My neighbour and I have a box elder standing on the property line between
our houses. It's already had a large branch (almost 2 ft. across at the
base) come down and he feels it's time to take the tree down. I tend to
agree as we have had some pretty high winds this year and if that brings it
down it's going to hit my house. What I would like to know is other than
firewood what can the wood be used for. Saw the article in wood magazine
this month and the branch at least is full of bright red streaks but I don't
have a lathe.
Yup, the tend to start falling apart right about then.
It's not even good for firewood, Rick. It's extremely light once it dries
out, is hard to split, and burns about as fast as paper.
These days, when I drop a box elder, I try to get 'em small, and I leave them
lay where they fall. For a 2' tree, that's not an option, but it's just not
worth all the handling. If you have a nice place to drag the tree chunks,
cut it up into managable pieces, and drag them to somewhere to rot. It's
very much not worth using as firewood is the idea I'm trying to get across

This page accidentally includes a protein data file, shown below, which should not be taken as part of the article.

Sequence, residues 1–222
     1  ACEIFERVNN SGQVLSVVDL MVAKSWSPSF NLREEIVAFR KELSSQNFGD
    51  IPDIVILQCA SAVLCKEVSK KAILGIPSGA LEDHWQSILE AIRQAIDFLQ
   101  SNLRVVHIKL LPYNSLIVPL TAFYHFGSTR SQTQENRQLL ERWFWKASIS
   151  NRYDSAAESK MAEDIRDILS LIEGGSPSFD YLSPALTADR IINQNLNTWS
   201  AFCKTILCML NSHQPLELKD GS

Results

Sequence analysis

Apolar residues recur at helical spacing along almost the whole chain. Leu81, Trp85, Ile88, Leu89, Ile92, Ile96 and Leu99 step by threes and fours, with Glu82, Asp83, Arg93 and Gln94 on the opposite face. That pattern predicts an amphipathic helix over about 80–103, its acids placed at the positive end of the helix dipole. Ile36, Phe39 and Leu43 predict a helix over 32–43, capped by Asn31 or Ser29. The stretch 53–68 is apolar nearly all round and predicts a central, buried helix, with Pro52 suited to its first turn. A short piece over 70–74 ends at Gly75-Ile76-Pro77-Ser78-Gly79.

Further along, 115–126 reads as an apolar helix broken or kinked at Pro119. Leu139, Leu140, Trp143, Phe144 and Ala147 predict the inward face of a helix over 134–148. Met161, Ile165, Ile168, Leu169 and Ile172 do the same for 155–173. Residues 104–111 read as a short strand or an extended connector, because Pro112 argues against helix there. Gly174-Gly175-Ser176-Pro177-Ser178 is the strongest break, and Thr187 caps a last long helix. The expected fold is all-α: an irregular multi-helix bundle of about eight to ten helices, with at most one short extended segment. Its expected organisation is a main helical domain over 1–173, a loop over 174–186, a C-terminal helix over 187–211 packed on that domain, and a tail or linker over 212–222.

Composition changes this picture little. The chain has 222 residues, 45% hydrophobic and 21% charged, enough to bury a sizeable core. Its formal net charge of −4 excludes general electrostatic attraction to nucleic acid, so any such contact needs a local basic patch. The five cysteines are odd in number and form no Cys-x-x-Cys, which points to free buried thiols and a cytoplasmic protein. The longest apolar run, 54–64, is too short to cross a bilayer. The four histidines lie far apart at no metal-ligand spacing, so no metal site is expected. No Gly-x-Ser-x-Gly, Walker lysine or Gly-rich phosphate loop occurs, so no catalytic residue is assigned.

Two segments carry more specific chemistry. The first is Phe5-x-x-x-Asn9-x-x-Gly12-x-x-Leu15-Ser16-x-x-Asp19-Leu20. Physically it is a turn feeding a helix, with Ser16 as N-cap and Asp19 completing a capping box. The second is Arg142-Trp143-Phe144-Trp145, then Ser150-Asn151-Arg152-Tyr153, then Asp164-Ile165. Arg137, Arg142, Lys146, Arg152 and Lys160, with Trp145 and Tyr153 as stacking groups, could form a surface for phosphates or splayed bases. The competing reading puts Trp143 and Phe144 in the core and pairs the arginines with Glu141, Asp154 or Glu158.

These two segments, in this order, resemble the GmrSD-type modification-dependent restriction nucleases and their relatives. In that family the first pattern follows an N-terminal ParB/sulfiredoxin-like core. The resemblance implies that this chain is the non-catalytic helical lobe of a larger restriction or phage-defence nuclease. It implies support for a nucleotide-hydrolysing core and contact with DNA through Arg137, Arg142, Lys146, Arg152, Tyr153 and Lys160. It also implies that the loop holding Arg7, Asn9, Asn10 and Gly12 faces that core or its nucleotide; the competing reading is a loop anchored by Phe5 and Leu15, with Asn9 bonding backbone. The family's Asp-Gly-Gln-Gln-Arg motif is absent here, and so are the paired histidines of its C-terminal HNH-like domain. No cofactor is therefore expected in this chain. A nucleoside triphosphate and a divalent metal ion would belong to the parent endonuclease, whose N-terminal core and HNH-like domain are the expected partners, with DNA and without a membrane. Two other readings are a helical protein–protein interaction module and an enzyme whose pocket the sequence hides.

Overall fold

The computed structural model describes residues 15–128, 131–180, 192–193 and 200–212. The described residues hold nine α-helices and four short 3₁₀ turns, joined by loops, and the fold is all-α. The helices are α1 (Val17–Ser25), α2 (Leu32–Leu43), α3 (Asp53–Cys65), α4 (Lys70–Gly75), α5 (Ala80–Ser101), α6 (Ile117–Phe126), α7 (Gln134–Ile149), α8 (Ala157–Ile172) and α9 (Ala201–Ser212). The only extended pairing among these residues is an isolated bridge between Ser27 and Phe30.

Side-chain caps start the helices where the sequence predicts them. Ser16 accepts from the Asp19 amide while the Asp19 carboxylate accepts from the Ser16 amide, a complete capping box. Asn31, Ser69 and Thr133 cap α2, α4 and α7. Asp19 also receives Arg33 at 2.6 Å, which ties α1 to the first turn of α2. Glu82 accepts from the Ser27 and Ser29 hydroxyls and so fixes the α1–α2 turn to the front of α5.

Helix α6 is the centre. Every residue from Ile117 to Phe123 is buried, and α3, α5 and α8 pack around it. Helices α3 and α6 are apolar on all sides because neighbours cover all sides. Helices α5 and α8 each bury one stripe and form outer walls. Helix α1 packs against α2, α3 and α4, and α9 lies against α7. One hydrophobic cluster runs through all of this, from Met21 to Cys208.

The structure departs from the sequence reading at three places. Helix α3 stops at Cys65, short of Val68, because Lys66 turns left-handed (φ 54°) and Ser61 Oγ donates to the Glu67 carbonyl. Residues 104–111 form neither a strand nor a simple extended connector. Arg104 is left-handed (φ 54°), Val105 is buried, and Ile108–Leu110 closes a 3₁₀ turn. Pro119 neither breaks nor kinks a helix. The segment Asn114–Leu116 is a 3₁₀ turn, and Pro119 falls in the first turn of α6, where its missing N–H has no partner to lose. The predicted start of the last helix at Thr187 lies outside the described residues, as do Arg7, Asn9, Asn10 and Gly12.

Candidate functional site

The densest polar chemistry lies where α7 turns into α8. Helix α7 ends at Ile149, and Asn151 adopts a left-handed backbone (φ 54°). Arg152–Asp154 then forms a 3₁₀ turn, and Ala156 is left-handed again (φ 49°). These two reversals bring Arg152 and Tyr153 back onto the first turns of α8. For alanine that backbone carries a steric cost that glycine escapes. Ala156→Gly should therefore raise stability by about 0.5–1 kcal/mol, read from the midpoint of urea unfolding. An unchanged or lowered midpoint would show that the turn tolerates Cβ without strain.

here, and as far as woodworking, it's got unattractive streaks and is very,
You bet we do. We turn it into stuff like this:
I've got a bunch of it stickered under cover including some 2 foot
diameter burl slabs that are going to be end table tops one day.
But Dave H is right, it's not very good firewood.
Wood is wood. Boxelder is a soft maple, if you have access to a mill saw,
dry and use it if it's sound.
Stuff can run to beautiful curl, spectacular burl, and then there's that
strange read streak which ages brown.
If you have turning friends, endear yourself to them by letting them have
the gnarly chunks and crotches between timber sticks.
Thanks guys, will save as much of the burls and areas with lots of colour
as I can. After I have been here a while I will likely find a few guys in
the area that do turning that will like it. The rest I will likely burn
in the fireplace. Not trying to heat the house with it so it should be ok
for the wife and I to curl up in front of. I've mainly worked with oak and
walnut up to this point as the neighbor has lots of oak and walnut boards he
had cut about a dozen years ago and sells them to me at a reasonable price.
Most are about 16ft, by 12" and from 1 to 2" thick.
I do a lot of small boxes for keepsakes so may try some of the red stuff for
that. It may be to soft but I'm one of those that learns by trying it.
If some of you are turners and live in the London - Chatham area of southern
Ontario let me know and I'll post when the tree comes down.
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